|Posted:||December 2, 2020 12:40 PM|
|From:||Senator Timothy P. Kearney|
|To:||All Senate members|
|Subject:||Expense Deductions for Medical Marijuana Business Income Taxes|
|In the near future, I plan to introduce legislation to fix a tax anomaly affecting Pennsylvania medical marijuana businesses.
While regular businesses can deduct their normal and ordinary expenses, such as COGS, capital expenditures, or rent, from their gross income when calculating their tax obligations, growers and dispensaries do not have the same ability. Section 280E of the Internal Revenue Code prevents businesses from deducting expenses from their income for federal tax filings if their income is tied to Schedule I or II substances, which includes medical marijuana.
This also affects how medical marijuana organizations calculate their PA Corporate Net Income Tax, which is based on the net income reported on federal tax filings. Because medical marijuana businesses cannot deduct their expenses for their federal filings, they also cannot deduct them for their state net income taxes, despite the enactment of the Medical Marijuana Act in 2016.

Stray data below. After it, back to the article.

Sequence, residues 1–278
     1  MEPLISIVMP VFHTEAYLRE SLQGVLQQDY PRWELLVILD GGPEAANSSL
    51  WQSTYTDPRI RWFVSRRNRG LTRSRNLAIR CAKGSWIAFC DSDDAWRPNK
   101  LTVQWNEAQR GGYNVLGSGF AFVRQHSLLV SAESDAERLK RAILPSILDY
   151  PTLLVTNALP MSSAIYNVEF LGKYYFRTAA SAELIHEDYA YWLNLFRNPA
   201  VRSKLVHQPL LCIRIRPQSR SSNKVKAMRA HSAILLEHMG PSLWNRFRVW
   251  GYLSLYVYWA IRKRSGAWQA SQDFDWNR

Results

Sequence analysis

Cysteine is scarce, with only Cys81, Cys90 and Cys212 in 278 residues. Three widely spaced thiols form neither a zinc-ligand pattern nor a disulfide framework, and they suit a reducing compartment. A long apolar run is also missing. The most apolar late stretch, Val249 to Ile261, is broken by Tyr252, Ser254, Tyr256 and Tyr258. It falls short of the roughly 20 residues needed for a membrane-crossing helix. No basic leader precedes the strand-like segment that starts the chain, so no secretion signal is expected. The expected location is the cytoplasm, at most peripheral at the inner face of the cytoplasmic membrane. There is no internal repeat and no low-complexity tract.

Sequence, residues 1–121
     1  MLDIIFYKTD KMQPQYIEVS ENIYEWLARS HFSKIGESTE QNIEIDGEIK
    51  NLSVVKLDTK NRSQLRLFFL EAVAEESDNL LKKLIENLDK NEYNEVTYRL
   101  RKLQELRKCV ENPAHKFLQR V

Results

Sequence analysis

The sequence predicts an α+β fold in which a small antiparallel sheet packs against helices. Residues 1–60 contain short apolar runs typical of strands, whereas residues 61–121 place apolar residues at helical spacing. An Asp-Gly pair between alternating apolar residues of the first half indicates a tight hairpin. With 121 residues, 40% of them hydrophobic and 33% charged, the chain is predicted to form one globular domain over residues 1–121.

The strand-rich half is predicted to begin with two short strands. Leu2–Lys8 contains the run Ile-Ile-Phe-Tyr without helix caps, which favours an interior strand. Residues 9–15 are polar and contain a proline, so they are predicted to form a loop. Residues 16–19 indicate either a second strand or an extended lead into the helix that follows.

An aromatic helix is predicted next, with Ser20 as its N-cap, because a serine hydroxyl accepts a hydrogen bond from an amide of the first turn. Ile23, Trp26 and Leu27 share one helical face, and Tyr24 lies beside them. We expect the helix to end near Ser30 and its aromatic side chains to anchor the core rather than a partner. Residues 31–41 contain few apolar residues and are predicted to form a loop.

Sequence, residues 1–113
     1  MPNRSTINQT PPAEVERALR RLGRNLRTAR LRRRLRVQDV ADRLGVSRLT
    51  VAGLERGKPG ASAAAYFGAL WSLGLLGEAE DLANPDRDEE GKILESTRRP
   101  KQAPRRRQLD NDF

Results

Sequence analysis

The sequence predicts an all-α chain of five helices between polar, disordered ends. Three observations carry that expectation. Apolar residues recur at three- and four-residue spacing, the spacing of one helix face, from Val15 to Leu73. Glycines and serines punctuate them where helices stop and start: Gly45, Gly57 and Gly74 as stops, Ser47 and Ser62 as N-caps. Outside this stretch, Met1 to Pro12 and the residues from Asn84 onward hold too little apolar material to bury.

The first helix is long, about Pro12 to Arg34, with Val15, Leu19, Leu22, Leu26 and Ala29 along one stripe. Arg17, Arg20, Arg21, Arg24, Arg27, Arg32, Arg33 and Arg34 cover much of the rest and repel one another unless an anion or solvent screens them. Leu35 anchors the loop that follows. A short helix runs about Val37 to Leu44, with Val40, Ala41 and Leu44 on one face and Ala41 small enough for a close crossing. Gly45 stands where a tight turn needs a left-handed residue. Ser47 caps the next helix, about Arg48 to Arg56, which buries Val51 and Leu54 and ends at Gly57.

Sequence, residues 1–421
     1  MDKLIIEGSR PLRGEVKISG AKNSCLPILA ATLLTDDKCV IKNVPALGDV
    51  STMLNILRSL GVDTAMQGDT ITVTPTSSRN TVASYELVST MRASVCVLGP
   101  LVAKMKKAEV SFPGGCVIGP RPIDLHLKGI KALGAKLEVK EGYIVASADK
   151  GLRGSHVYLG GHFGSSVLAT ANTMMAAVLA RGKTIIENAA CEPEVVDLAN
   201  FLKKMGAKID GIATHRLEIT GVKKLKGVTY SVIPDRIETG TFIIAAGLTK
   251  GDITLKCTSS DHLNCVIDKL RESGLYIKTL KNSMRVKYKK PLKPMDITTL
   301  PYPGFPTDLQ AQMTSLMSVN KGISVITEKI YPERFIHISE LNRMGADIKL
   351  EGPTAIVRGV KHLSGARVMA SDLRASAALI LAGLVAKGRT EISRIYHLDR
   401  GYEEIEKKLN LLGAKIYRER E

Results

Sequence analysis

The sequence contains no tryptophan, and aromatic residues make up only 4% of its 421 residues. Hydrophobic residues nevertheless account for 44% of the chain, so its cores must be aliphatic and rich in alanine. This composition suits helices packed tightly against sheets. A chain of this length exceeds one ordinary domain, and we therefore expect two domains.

Medical marijuana organizations, particularly small entrepreneurs and those that are not tied to larger national or international conglomerates, are facing considerable financial stress because of the inability to report their actual net income, in addition to the other financial challenges posed by the federal government.
This legislation would allow licensed medical marijuana organizations to deduct necessary and ordinary expenses from their taxable income for the Corporate Net Income tax, just like regular businesses do.
Please join me in bringing common sense to this solvable problem.